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How to Elevate Your Practice with Visual Language in Autism: Insights from Shane and Weiss-Kapp

How to Elevate Your Practice with Visual Language in Autism: Insights from Shane and Weiss-Kapp

In the field of special education, particularly when working with children diagnosed with Autism Spectrum Disorders (ASD), visual instructional supports have shown significant promise. The book "Visual Language in Autism" by Howard C. Shane and Sharon Weiss-Kapp offers a comprehensive guide on utilizing these supports effectively. This blog aims to help practitioners enhance their skills by implementing the outcomes of Shane and Weiss-Kapp's research or by encouraging further exploration into the topic.

Shane and Weiss-Kapp's work, which is grounded in their clinical experience at the Boston Children's Hospital, underscores the benefits of visual instructional supports for children with ASD. Their Visual Immersion Program (VIP) is designed to maximize these benefits. The book is divided into seven chapters, each offering valuable insights into different aspects of visual language and its application in therapeutic settings.

Key Takeaways for Practitioners

Understanding Visual Supports

The first two chapters provide a solid foundation on the historical uses and benefits of visual supports. Practitioners will gain an understanding of the different applications of visual systems, such as communicative devices, scheduling, and language learning. The authors also highlight the limitations of existing systems like Picture Exchange Communication Systems (PECS) and introduce the advantages of the VIP.

Assessment and Evaluation

Chapters 4 and 5 focus on the assessment of a child's visual instructional support needs. Key principles for evaluating children with ASD are discussed, including the use of both standardized and adapted assessment measures. The book provides practical tools such as checklists and questionnaires to assist in the evaluation process, ensuring that the VIP is tailored to the child's specific needs.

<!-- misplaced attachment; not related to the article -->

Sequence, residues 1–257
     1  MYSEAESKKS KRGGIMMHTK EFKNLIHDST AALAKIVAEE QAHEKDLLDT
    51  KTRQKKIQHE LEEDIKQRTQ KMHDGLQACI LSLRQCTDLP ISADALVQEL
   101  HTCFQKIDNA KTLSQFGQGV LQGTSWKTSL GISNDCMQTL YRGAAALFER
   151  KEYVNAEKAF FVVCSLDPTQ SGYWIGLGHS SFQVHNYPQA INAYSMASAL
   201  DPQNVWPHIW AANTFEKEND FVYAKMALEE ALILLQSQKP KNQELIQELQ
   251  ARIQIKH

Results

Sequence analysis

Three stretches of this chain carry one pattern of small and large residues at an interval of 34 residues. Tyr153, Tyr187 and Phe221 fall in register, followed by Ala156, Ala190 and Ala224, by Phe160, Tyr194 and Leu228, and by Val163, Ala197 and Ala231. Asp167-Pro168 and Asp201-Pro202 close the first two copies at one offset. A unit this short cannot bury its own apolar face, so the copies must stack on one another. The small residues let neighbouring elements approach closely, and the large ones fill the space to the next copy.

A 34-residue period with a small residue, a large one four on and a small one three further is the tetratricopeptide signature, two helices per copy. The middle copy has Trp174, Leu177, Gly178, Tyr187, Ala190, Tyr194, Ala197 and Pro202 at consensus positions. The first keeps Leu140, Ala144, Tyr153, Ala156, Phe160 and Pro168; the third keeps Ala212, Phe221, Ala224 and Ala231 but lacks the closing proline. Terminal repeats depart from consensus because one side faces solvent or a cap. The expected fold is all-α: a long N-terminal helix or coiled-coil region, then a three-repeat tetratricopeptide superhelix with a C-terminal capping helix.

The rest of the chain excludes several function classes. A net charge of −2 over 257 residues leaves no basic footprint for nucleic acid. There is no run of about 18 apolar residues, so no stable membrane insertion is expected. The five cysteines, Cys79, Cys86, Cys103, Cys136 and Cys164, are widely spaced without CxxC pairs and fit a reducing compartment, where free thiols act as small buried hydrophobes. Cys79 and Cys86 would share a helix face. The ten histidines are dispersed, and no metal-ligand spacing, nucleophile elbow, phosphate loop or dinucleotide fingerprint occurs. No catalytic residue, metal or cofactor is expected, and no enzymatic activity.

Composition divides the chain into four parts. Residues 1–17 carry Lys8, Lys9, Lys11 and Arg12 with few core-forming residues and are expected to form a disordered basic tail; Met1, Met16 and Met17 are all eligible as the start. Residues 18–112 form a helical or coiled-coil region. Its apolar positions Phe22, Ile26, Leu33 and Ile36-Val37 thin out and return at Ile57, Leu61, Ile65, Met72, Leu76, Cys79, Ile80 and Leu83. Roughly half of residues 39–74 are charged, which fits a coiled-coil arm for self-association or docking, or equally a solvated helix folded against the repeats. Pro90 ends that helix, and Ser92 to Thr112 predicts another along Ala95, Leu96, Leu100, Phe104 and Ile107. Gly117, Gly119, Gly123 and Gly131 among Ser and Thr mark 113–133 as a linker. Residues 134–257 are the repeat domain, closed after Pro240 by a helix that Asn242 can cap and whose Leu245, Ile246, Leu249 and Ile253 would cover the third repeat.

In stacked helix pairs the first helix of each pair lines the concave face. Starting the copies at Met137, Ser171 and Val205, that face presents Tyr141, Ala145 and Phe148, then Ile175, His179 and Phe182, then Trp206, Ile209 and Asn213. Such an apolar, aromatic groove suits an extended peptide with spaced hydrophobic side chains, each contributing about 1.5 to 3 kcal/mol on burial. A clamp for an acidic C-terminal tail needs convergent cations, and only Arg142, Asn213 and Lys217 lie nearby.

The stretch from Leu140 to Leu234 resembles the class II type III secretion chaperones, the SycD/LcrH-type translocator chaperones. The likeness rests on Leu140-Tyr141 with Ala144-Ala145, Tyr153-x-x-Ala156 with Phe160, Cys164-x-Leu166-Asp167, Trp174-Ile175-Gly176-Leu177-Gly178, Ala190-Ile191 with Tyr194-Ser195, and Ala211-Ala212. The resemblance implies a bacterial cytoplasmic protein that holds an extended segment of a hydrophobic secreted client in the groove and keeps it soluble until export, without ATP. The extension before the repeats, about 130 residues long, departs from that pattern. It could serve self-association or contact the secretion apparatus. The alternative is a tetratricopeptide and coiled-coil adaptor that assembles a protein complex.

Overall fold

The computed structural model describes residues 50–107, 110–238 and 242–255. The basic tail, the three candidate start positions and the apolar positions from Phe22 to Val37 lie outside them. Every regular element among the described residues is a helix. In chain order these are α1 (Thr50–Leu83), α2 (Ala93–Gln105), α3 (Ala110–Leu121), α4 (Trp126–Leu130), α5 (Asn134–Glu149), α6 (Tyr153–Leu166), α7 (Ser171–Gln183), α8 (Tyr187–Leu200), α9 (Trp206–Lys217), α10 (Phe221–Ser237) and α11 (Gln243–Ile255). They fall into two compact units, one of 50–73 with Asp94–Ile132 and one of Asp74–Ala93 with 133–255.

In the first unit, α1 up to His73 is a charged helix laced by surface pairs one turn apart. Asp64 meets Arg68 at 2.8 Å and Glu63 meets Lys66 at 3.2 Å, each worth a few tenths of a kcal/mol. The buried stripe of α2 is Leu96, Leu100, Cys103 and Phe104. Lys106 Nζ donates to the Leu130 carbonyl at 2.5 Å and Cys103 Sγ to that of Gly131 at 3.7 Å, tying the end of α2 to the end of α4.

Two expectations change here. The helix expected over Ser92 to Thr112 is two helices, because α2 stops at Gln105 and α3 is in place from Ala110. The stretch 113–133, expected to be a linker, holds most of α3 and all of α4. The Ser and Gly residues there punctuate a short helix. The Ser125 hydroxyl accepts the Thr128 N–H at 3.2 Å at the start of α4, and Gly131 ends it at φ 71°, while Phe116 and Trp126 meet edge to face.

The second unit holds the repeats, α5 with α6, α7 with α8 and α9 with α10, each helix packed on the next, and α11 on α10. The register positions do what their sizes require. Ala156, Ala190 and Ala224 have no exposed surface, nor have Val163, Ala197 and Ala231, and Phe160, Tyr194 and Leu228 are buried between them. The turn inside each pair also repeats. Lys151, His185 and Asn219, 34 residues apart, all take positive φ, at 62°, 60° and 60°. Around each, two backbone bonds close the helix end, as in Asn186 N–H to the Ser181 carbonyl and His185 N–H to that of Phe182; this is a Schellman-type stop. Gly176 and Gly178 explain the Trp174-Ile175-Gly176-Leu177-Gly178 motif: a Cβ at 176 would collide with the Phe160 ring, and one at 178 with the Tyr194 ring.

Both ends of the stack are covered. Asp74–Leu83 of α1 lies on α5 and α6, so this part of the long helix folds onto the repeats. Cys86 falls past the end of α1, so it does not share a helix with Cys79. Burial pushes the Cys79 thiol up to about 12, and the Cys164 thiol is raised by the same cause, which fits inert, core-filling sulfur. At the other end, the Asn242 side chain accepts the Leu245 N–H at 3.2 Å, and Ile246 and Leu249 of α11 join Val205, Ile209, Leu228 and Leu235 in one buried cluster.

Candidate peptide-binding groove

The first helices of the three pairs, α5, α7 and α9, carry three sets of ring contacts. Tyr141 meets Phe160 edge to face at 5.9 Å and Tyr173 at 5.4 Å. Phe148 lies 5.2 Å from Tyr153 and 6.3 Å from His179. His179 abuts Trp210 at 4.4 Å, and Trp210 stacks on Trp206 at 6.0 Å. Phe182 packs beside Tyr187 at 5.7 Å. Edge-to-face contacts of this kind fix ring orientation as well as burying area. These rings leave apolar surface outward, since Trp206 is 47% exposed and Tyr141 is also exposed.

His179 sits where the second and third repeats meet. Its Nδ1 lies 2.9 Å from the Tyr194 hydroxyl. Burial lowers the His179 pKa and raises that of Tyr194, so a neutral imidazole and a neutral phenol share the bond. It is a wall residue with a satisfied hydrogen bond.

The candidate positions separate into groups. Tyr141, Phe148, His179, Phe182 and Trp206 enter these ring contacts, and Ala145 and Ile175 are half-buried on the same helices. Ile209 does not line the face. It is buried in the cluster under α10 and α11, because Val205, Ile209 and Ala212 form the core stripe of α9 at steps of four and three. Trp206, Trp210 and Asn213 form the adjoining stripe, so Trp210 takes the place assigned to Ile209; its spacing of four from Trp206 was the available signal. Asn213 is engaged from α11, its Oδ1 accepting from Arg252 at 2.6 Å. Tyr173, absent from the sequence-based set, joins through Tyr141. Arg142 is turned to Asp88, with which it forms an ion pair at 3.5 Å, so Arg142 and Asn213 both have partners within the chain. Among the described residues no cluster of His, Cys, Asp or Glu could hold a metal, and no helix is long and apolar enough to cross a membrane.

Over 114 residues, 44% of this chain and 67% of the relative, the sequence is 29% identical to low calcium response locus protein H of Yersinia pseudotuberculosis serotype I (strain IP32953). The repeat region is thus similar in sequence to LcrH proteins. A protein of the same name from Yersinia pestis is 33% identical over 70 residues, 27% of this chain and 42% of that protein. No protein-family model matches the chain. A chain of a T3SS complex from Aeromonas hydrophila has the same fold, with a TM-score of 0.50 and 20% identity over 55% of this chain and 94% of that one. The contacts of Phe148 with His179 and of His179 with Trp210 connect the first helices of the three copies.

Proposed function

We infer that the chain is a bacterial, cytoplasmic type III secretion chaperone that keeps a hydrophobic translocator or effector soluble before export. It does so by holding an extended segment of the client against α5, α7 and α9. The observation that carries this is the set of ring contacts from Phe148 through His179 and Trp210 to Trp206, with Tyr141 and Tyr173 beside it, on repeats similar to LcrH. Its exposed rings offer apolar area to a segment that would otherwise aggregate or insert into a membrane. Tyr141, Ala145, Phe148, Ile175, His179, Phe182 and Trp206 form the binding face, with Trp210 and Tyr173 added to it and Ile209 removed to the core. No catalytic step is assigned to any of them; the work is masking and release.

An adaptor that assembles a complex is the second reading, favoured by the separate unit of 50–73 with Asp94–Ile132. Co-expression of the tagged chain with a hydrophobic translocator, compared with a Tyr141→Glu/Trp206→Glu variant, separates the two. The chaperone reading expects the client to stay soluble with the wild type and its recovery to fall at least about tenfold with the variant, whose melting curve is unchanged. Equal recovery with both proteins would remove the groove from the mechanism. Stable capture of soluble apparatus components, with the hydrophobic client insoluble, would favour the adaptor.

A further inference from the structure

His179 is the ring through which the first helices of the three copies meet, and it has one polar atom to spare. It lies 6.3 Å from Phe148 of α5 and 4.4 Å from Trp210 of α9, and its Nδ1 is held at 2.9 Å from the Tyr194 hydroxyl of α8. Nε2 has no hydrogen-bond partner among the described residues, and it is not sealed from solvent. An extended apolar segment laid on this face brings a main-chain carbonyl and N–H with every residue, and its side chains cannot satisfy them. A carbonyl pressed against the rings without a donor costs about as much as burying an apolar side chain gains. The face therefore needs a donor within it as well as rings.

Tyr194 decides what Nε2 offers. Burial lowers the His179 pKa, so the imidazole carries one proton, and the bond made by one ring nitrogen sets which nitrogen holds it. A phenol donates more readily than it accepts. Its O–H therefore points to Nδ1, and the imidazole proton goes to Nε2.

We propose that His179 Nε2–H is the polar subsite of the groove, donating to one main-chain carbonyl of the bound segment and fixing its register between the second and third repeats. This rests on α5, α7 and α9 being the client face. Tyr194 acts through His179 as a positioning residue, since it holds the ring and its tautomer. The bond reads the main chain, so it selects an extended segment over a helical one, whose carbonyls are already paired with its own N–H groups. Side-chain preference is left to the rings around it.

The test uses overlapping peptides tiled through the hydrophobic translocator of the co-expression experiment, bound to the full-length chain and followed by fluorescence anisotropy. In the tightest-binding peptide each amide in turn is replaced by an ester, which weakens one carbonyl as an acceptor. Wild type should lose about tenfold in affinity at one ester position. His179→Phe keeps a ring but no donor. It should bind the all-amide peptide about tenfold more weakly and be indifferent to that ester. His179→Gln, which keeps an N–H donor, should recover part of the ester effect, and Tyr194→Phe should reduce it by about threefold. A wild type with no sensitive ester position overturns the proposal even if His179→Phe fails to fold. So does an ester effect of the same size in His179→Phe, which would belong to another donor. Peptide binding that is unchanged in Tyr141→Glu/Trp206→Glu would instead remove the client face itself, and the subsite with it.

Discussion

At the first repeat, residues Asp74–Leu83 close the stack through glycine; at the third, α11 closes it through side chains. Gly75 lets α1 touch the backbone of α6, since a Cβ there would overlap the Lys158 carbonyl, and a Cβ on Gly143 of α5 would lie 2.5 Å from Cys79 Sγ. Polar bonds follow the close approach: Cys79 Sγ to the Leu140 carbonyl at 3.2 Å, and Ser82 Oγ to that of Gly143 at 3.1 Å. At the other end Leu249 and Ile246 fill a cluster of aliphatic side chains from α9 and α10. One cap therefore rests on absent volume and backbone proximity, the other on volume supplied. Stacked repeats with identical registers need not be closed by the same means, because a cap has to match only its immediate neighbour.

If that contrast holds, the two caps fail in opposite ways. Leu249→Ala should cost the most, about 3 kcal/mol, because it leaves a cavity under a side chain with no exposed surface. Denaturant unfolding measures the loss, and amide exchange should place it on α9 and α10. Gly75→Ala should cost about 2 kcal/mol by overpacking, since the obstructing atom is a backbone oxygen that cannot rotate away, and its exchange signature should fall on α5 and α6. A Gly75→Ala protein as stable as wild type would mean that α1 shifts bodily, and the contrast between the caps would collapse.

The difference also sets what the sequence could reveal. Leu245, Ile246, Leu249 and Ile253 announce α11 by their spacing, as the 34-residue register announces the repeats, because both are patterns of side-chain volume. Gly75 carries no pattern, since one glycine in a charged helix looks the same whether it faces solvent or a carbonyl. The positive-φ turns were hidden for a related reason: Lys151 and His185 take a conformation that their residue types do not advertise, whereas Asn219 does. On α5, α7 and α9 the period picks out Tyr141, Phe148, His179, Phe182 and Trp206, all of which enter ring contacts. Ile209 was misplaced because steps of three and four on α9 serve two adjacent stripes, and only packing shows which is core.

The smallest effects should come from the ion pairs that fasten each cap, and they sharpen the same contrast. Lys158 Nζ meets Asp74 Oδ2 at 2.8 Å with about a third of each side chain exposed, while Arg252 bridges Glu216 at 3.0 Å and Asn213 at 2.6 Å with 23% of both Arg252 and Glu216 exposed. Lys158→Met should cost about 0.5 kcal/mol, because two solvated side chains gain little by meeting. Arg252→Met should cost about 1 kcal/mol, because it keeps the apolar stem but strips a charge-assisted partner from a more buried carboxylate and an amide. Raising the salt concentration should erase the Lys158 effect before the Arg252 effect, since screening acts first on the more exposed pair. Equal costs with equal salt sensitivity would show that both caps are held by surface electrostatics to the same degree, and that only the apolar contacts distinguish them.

Implementing the VIP

Chapter 6 is particularly valuable for interventionists, offering basic instructional objectives and principles for using the VIP effectively. These include:

The chapter emphasizes creating a symbol-rich environment, integrating all aspects of the VIP, ensuring success, and then gradually fading the supports.

Special Considerations

The final chapter addresses special uses for the VIP, such as managing difficult behavior in children with ASD. The authors suggest that the VIP can help decrease episodes of difficult behavior by improving the act of requesting, supporting transitions, assisting in coping with surprises, and expressing pain or discomfort. The program can also be adapted for use in inclusive classrooms and by parents at home.

Encouraging Further Research

While Shane and Weiss-Kapp provide a robust framework for using visual instructional supports, they also acknowledge that their program is not a standalone approach or a core curriculum. Practitioners are encouraged to explore further research and adapt the VIP to fit their specific needs and contexts. The book includes extensive examples and practical tools that can guide junior professionals and educators in their intervention programming for children with ASD.

To read the original research paper, please follow this link: Visual Language in Autism - Howard C. Shane and Sharon Weiss-Kapp.

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